<%@ LANGUAGE="VBSCRIPT" %> Thrust SSC - Supersonic Race Update

Richard Noble's October 1997 Update

Richard Noble

It's 9pm on October 2nd. I am doing overnight guard duty in the Pit Station and for the first time in two days the 25knot wind has dropped right off. A ridge of high pressure is predicted and we could be in for two or three good days. So far we have made Mach 0.935 and Andy reports that ThrustSSC is stable and he is happy to continue. Tomorrow could be a brilliant day.

The old Thrust2 633.468 mph record went on September 25th, and I was never sure how I was going to feel - after all it had taken 9 years to achieve it in the first place and for 13 years I had been titled as holder of the World's Land Speed Record. That day was seriously special - a new World record of 714.144mph for the mile - the largest increase ever in the history of the Record. The elation was quite something to experience - the first we have had in the ThrustSSC team. The BBC camera crew were quick off the mark:

"How do you feel about losing your record?" asked Bill Grist.

"Really thrilled - we have just exchanged it for a far better one!"

It's probably going to be one of the greatest in the history of the LSR.

One evening a few days earlier I was dashing from the Pit Trailer, when I happened to glance skyward at one of our Pegasus Microlights which was flying high to the East. Suddenly a small article was seen to fall from the aircraft and plunge headlong 1000ft to the playa.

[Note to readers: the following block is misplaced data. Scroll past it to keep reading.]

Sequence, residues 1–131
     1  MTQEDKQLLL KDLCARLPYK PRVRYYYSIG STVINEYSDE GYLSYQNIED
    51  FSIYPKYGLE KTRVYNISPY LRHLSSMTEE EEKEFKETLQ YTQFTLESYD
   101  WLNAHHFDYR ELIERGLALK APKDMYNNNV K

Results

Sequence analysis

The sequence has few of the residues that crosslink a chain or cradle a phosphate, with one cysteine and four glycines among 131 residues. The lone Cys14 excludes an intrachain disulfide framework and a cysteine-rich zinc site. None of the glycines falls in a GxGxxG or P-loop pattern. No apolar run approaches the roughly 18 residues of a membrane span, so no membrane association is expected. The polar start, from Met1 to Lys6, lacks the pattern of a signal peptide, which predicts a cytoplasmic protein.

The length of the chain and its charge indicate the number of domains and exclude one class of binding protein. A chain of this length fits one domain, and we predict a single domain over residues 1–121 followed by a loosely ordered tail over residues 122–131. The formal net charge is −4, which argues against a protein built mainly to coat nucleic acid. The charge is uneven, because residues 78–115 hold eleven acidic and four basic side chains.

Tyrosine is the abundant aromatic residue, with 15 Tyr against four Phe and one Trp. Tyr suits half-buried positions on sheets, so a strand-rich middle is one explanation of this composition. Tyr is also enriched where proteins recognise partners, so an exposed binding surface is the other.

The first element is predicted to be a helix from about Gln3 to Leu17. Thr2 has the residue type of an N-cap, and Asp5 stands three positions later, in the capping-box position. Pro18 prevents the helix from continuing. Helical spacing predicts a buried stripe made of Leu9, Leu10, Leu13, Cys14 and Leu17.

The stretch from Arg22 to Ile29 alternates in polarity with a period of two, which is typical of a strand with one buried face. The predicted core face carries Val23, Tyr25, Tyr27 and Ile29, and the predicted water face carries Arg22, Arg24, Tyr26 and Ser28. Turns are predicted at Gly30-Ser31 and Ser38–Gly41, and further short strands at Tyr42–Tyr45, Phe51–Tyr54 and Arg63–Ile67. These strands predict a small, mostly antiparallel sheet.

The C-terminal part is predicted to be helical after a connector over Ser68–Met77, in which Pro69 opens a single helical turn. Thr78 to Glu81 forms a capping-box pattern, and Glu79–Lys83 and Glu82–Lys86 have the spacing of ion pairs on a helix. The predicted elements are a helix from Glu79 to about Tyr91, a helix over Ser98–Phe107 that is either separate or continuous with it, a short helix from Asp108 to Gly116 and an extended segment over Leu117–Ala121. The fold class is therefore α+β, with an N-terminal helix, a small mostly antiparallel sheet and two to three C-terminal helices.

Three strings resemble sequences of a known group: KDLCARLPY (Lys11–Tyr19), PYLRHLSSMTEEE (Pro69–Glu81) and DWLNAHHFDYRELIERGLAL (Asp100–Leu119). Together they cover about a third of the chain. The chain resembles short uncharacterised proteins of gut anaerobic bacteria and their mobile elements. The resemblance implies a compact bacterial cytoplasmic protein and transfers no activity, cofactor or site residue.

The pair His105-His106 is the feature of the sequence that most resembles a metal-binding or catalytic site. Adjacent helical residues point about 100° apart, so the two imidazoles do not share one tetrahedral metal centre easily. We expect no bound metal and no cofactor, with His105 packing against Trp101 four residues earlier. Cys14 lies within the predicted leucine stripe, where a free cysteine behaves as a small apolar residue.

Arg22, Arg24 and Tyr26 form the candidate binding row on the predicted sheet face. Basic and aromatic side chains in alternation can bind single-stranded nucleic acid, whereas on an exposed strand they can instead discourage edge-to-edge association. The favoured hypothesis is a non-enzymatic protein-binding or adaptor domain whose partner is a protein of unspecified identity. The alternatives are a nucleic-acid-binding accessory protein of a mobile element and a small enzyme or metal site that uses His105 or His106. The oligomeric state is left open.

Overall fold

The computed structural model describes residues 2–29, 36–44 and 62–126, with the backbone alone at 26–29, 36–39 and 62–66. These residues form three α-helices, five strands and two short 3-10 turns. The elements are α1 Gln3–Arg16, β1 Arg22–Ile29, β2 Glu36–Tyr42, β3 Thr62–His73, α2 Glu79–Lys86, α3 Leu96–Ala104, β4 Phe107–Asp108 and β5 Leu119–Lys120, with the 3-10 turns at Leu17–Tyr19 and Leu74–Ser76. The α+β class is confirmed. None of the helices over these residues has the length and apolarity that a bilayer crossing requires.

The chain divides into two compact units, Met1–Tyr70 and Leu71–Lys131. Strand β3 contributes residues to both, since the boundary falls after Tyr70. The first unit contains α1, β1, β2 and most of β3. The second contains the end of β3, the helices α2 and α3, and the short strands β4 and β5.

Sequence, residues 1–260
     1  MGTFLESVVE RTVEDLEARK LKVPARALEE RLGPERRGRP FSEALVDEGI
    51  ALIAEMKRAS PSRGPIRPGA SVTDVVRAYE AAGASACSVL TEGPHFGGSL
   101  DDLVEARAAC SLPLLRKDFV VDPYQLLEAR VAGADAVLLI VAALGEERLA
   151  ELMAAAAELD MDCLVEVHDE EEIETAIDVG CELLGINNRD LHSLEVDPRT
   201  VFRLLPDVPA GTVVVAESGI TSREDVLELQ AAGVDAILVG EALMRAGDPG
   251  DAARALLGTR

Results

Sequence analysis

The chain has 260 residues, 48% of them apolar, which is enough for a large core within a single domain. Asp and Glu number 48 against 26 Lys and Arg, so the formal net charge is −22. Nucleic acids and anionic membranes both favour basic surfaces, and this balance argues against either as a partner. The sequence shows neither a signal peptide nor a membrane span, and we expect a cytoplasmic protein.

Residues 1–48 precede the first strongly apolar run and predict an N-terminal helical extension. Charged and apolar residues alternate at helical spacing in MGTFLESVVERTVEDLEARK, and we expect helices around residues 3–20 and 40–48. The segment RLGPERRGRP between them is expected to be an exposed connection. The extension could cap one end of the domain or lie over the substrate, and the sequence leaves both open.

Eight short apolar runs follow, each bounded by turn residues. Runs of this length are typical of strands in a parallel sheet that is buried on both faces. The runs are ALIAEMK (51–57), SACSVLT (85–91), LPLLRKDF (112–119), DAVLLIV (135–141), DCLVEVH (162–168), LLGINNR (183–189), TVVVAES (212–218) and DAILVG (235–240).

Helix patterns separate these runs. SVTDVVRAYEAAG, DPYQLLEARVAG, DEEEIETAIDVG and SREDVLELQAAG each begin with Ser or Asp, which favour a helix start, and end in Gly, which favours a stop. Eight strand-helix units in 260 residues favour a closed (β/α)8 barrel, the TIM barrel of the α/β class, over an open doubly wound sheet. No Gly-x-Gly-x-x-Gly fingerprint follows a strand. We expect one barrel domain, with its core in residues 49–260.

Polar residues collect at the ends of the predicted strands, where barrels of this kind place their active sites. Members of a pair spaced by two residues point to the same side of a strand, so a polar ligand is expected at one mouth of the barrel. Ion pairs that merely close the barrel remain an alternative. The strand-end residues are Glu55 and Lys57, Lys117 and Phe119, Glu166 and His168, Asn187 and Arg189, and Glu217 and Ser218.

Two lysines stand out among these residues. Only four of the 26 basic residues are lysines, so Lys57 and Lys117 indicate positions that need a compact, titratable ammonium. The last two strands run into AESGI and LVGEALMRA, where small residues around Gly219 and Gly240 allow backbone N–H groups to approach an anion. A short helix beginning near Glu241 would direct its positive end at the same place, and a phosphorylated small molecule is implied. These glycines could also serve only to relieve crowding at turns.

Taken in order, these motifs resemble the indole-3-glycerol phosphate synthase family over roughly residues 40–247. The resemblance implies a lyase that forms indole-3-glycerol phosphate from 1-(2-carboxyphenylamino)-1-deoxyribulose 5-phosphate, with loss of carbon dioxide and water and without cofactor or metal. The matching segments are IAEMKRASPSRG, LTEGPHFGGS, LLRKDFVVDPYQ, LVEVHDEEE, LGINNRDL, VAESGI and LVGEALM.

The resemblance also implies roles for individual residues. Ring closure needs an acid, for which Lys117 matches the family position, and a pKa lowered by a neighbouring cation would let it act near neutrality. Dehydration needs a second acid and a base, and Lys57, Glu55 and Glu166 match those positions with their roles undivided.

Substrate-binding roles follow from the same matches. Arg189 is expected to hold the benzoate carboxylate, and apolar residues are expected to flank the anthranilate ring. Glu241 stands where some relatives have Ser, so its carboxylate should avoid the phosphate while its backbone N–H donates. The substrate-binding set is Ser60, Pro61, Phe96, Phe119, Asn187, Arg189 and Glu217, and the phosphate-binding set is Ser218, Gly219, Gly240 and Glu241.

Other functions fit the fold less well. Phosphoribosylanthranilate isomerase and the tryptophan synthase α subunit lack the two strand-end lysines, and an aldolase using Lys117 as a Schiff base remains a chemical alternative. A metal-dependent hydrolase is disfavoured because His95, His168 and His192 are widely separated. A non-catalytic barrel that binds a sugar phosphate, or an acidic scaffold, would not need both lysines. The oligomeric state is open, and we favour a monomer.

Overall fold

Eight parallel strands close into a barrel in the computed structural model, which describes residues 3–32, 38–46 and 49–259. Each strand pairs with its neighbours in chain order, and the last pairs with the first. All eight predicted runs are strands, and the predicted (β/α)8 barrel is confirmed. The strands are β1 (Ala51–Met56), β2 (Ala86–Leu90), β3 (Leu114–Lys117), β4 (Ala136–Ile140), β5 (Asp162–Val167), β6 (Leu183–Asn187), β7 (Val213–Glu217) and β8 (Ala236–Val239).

"What in God's name's that?"

"Don't worry Richard, it's Jeremy Duck's skydiving lessons. His chute has candled"

Once again the unfortunate duck had hit another spell of sheer misfortune - only equalled by the night I found him squashed by three tonnes under ThrustSSC's front wheel. "Just bad luck," I was told. "Duck seems to be in all the wrong places at the wrong time!"

What is hilarious is that huge Internet following seems to be confusing Jeremy Davey with Jeremy Duck - and people are turning up at the Pit Station keen to meet Jeremy Duck! For those interested he was last heard of sheltering from the hunting season in the BLM Offices in Winnemucca, and there have been sightings of an unhappy duck outside a Chinese Restaurant in Hong Hong.

So after all the hassles we made it to Nevada. On the 3rd, I stood on Mercury Aviation's ramp at Reno International and saw the Antonov make a very fast and long landing. It was a fantastic moment, for just two weeks earlier it looked as though we would never make it. It was one of those moments to savour - all that hard graft by so many people had actually got us to Reno.

But things were never going to be easy for us. On arrival in Gerlach there were no hotel rooms and the locals were angry because Bruno's had put up all the fuel and food prices. Bruno told me he was going to help - but nothing happened and the room prices were hitting new highs as more media piled into the little village.

But our old friend Bev at the Miners' Club was as ever equal to the task - before long a list of small apartments had been found by my brother Andrew, and although the team were initially unhappy about sleeping in hallways on mattresses, Suzy Kraike soon had things in hand and more apartments were found which reduced the population density.